Before entering an addiction recovery program, you may learn that the program consists of both individual and group therapy. If you haven’t participated in it before, you may wonder what to expect. What will you “have” to talk about in individual therapy? What if you don’t like or trust the other people in your group? In most cases, it in an addiction recovery program is not optional. But we hope that the information below will help you realize how meaningful it can be–and why you may very likely start to look forward to it.
What is Individual Therapy in Recovery?
Individual therapy is a two-way street, a process that involves two people: the therapist and the person. This approach has been saddled with many names over the years, some of which include:
- Psychotherapy, a term coined in the early 1800s
- Psychosocial therapy, a second term coined in the 1890s and widely used in the early 1900s
- Counseling, a term that first appeared in the 1920s
- Talk therapy, a term widely used beginning in the 1970s
- Therapy, as it’s most often called today
Unlike what you may imagine, it does not necessarily involve pouring your heart out to a stranger while they take notes. The relationship between the therapist and the client is crucial, and most sessions are structured as a conversation with an intended outcome. The therapist and the client have a shared goal, which is often to improve the client’s life in some way via discussion and self-exploration.
What Happens in Individual Therapy?
Normally, the first meeting between the therapist and the person in therapy involves getting to know one another. The therapist may ask questions and gather information to better grasp what issues should be addressed. A full understanding of the client’s needs may not solidify until after working together in several sessions. Once the therapist identifies specific points and determines a helpful path of action, the person receiving it can then expect any of the following:
- Questions or conversations that may produce feelings of anger, sadness, or negativity
- Tasks assigned by the therapist to do between sessions, like some kind of journaling
- Complete confidentiality except in cases in which the client admits to having harmed or planning harm to others or themselves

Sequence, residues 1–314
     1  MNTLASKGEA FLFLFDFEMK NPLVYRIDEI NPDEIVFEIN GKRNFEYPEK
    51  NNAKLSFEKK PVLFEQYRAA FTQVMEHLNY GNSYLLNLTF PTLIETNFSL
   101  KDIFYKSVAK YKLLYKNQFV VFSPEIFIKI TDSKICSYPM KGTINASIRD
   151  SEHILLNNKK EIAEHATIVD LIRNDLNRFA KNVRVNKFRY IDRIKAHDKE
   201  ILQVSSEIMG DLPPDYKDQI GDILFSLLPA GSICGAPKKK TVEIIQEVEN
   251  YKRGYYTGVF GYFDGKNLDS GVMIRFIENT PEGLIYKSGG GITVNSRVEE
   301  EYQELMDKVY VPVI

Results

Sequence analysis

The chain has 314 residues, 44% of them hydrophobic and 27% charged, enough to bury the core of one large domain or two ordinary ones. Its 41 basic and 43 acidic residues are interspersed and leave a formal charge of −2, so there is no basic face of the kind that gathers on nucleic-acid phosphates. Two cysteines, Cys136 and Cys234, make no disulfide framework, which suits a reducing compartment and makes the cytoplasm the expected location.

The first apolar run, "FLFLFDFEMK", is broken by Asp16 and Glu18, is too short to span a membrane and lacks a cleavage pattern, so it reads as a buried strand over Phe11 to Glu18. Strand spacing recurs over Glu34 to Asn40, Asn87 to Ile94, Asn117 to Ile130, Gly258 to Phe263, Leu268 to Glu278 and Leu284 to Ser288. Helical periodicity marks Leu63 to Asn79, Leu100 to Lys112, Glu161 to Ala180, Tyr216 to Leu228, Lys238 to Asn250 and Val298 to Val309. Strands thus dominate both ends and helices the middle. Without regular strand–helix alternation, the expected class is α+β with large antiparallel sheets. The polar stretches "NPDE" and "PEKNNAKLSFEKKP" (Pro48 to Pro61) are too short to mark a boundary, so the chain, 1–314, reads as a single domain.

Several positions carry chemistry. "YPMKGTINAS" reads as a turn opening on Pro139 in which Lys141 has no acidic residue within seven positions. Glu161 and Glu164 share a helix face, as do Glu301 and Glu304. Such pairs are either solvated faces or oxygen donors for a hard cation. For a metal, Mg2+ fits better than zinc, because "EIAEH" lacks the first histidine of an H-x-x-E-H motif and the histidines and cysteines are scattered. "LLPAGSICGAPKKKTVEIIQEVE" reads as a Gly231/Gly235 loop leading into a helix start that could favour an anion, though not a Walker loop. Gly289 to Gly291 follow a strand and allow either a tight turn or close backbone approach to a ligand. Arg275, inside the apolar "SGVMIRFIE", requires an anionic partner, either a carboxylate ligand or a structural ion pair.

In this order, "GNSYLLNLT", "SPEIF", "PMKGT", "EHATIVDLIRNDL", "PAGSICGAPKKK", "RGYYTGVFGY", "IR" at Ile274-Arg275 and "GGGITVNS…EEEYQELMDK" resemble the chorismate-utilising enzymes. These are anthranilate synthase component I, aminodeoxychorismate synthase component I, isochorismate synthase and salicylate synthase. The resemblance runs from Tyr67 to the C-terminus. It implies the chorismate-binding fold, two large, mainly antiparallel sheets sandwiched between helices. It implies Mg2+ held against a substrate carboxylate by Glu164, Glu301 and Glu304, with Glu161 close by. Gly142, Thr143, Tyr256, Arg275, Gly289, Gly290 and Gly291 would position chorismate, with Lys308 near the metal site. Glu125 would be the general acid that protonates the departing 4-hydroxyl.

What is Individual Therapy Good For?
This depends completely upon the person receiving it, but common reasons people seek it include but are not restricted to the following:
- Anxiety and stress
- Eating disorders
- Anger management
- Relationship, familial or marriage problems
- Substance abuse
- Mental, physical, or sexual abuse
- Sleep issues
- Sexuality, gender, and body issues
Who Should Go to Individual Therapy?
Anyone can and should go to individual therapy, as it is one approach to increasing a person’s quality of life. But it is especially crucial for those working through addiction recovery. One-on-one options can help eradicate obstacles that seem to bar you from optimal health and wellness. It can unlock and sharpen feelings of positivity, a strong sense of self-esteem, skills for managing stress and cravings, as well as habits for healthy decision-making and follow through. Individual therapy helps people to see themselves honestly and to identify the root causes of their addiction.
What is Group Therapy?
In a recovery program, group therapy is a complement to individual therapy and involves one therapist and up to fifteen people during a session. The people in the group normally share a crucial issue, such as addiction, mental illness, or trauma. Group therapy aims to reach goals with the added support and insight of the group as a whole. Simply put: it’s a communal version of therapy.
The main difference between individual and group therapy is that the other people receiving it alongside you offer a shared perspective. They create the chance to engage in conversation that may prove richer, more illuminating, and more comfortable than that shared between you and a therapist who may have never experienced addiction.
Most importantly, the group offers a sense of unity. It helps each individual realize they aren’t alone in their experience. This can prove incredibly comforting, especially to those struggling with substance abuse. Other benefits of group therapy include:
- Diversity within a social network
- A sounding board effect when discussing and analyzing your issues
- An opportunity to attempt different strategies in pairs or small groups
Find the Right Therapy for You at St. Gregory Recovery Center in Iowa
Here at St. Gregory, you don’t have to choose between individual and group therapy. We offer both, as well as a Family Program in which family members may have individual sessions with a therapist or engage in a group therapy format with family. Contact us today to learn more about how we can help you or your loved one overcome substance use disorder.